Eve, “Mother Of All,” bore two sons: Cain, a farmer, and Abel, a shepherd. As a seasonal gesture of faith in God’s provision, each would offer their sacrifice on an altar. Cain would throw together an indiscriminate mix of berries and greens and scatter them upon the cold stone. Abel would take from the firstborn of his flocks, cut the choicest sections of meat from the bone, and burn the flesh down to a charred powder.
Naturally, Abel’s sacrifice pleased God, but Cain’s offering, being no sacrifice at all, was ignored. God spoke to a sulking Cain, saying, “You can do your best and be happy in life, or cut corners and be ruled by imperfections. Laziness is easy to master, but it’s a sure path to misery.”
Cain considered all this and made his choice. The next time he and Abel walked together in the fields, Cain seized a blunt object and slayed his brother with it. When God asked what happened, Cain deflected, asking, “When did I become my brother’s designated guardian?”
But Abel cried out from the grave and cast a curse on the fields with his drying blood. The stained red soil would no longer produce a yield for the farmer, so Cain became a nomad with a price on his head.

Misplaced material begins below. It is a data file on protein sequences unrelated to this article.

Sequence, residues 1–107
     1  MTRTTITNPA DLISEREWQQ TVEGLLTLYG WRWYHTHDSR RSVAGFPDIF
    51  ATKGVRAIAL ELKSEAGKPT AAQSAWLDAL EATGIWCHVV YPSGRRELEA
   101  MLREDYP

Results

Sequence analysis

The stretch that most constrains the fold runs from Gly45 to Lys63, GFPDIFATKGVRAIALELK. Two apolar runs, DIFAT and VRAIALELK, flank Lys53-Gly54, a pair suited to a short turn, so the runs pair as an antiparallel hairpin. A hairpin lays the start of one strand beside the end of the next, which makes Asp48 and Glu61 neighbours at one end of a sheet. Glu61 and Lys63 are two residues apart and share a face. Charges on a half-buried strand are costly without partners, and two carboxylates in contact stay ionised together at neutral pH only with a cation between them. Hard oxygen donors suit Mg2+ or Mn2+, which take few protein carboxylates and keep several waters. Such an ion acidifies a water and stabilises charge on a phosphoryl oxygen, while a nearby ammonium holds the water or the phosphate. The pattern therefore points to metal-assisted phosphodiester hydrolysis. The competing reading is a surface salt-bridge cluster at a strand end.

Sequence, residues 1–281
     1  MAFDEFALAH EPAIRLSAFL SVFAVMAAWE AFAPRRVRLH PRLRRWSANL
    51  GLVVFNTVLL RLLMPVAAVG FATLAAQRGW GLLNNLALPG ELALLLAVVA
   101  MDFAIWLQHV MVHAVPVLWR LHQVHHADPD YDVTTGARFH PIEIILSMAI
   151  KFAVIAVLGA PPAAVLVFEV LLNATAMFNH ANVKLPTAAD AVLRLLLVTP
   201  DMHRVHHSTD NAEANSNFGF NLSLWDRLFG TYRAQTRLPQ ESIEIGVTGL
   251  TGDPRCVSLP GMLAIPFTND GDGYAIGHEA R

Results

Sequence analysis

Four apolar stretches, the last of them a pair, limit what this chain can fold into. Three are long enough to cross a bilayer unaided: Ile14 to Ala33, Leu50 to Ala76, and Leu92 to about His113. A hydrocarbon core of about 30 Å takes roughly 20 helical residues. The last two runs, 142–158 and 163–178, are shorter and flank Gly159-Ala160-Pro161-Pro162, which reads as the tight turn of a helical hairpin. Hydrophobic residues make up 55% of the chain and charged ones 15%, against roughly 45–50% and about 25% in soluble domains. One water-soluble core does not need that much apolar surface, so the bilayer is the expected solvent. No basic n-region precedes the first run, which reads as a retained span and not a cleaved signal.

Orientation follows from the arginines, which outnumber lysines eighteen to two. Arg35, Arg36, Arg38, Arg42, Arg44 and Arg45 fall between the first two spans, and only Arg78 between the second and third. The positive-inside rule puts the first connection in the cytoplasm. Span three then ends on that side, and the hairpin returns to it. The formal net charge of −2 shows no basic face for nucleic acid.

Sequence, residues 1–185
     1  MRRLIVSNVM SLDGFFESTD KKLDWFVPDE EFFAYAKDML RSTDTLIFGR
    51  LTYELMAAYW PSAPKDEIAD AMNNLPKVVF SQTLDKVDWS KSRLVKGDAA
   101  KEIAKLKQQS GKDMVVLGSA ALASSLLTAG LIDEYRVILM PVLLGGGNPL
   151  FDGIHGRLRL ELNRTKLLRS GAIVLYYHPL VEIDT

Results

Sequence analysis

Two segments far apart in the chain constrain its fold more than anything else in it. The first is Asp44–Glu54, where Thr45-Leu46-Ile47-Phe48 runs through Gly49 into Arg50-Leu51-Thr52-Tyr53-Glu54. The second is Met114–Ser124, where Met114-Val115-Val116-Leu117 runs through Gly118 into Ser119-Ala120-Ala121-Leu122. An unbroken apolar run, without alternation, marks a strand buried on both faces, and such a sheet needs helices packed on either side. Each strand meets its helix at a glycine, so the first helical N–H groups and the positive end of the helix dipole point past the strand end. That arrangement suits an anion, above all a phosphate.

When the murdering outcast finally begged for God’s help, he was met with tender mercy. “If anyone kills you,” God promised, “I will punish them seven times worse.” God put an identifiable mark on Cain to deter anyone from killing him, and Cain settled in the land of Nod.
His lineage brought forth some of the earliest civilized people, including shepherds who lived in made-made structures, musicians, and smiths.
God eventually blessed Adam and Eve with another son, Seth, who brought forth many descendants, including a man named Enoch, who walked with God until he vanished into thin air.
Inspiration: Genesis 4